|A Clockwork Orange (1971)|
“One thing I could never stand was to see a filthy, dirty old drunkie, howling away at the filthy songs of his fathers and going blurp blurp in between as it might be a filthy old orchestra in his stinking, rotten guts. I could never stand to see anyone like that, whatever his age might be, but more especially when he was real old like this one was.”
“Clockwork Orange’s legacy resides upon strikes of brilliance, while everyone turns a blind eye to mediocrity. Kubrick takes Alex’s treatment, scared to repeat his opening thirty minutes of controversy.”
Despite some snappy dialogue, a dash of anti- totalitarianism and a devilishly crazed Malcolm McDowell, A Clockwork Orange never seems to tie it’s loose ends, leaving the audience lost in a delirium of grandeur. A Clockwork Orange has gained quite a large following as time ticks by, like any Kubrick film, yet despite the strike of brilliance in any film of Kubrick, someone forgot the apply the polish and care. Underneath the gracious nudity and whity dialogue is chaos, a film so sure of itself that it completely misses its point.
Alex DeLarge (according to the source) is a 15-16 year old living a life of theft, rape and ultra-violence with his ‘droogs’. After the accidental murder of a woman with a giant penis sculptor – you read right – he is sent to jail where he undergoes an experimental therapy to end crime. As you can probably tell the therapy doesn’t work perfectly (or works too perfectly) and we’re sent of an trip of misguided ideology.
This may seem like a well-structured, interesting film; however, if it were not for the first 30-40 minutes, I wouldn’t hesitate to call this film lacklustre, and essentially boring. Now before you attack me with claims of a hatred for Kubrick, I happen to adore 2001: A Space Odyssey, debatably his most boring film. Yet 2001 always had more, for every scene would sure enough merit a page upon both its technical value and philosophy. Yet the following film with our humble narrator fails to reach such potential. The greatest scenes we are given do no more than glorify violence. Opposed too much criticism, the violence was more than welcome (although tamed by today’s standards), the nudity caused a comedic effect – perhaps the film has successfully desensitized me. Yet when we strap in and prepare for all the film has – the reasoning why we’re watching ultra-violence to tune of Ludwig, but we’re given nothing.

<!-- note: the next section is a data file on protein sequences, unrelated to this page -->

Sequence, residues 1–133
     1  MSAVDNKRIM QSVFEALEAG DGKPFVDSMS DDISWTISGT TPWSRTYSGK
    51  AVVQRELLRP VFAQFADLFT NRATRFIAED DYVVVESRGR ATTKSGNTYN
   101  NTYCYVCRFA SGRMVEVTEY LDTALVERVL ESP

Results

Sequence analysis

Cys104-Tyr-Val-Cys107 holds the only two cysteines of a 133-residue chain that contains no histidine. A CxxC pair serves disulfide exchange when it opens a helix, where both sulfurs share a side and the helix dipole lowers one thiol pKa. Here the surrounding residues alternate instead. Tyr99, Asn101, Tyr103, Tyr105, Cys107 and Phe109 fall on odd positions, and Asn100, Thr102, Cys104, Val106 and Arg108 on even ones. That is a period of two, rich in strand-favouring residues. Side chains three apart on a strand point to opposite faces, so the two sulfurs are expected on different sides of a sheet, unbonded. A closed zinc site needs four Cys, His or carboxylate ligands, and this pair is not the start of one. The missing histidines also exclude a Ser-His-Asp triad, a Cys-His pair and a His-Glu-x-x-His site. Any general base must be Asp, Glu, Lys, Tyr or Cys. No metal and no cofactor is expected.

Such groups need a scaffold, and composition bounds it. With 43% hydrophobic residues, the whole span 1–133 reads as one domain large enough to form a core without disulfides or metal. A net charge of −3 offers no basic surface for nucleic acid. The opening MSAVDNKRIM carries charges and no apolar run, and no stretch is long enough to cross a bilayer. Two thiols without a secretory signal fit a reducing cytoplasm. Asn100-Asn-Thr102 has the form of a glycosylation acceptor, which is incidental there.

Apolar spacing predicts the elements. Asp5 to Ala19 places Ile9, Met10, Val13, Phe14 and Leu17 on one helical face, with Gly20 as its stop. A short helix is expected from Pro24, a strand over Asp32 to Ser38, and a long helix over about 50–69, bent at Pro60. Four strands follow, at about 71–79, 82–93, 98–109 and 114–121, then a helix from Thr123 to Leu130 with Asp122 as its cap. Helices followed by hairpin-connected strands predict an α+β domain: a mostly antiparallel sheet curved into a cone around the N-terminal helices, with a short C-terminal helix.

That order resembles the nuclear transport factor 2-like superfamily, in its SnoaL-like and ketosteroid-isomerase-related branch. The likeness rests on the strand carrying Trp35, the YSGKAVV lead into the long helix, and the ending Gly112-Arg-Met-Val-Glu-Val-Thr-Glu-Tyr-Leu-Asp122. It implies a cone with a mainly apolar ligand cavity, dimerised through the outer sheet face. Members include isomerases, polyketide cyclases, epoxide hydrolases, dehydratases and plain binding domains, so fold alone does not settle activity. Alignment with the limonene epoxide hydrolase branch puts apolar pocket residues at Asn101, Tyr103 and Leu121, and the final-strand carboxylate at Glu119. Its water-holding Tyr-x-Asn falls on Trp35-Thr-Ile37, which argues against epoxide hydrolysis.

|Scenes of mediocrity begin to arise.|
Malcolm McDowell’s infamous embodiment of Alex DeLarge is just brilliant. Although those who are still yet to remove the sticks lodged where the sun doesn’t shine will attack Kubrick, I will commend him for truly making the antagonist the main star. I long for the anti-hero to be the winner, the villain, who is by far more interesting than a hero preaching the same dull ideology, and in some respects, A Clockwork Orange succeeds, but at the same time trips flat on the face. Kubrick captures something so powerful and effective, and wastes it all. Kubrick captures a beautiful butterfly, yet chooses not to let it fly, nor does he pull its wings out, in true Alex sadism, he simply locks it away in a dull beige room. Alex DeLarge tears up the world slowly in stunning ways, whether we watch him beat his friends in slow motion, or indulges in a threesome in the direct opposite, ‘fast motion’ – the audience, as much as they wish to lie, sit back and indulge in the sadistic nature (from a distance of course). Yet Kubrick seems to run out of ideas, and throws our anti-hero into the slammer, where he loses all his charm and charisma. For the remainder of the film we watch our devil be stripped of his lovable malevolence, and sits in a boring, grey prison. And when he is finally freed, the plot flails around, lost in its ways. It’s a darn shame it all ends on such a mediocre note. Kubrick gives us some of the greatest scenes to grace the screen and turns it into dullness, yet makes sure to shove some philosophy in your face, just so you remember that this film isn't completely pointless.
Overall, Kubrick brings the goods, the same brilliances of 2001 with a cold, harsh dab of malevolence. However, we’re only given thirty minutes of it, and then we’re thrown into a trashy, messy and most importantly boring film. The guilty indulgence of watching such a lovable character make the world a worse place to the tune of Ludwig and Singin’ in the Rain becomes a boring preach on morals, yet it’s not Kubrick behind the camera anymore; often it feels like an imitation of Kubrick. To conclude, A Clockwork Orange’s legacy resides upon strikes of brilliance, while everyone turns a blind eye to mediocrity. Kubrick takes Alex’s treatment, scared repeat his opening thirty minutes of controversy.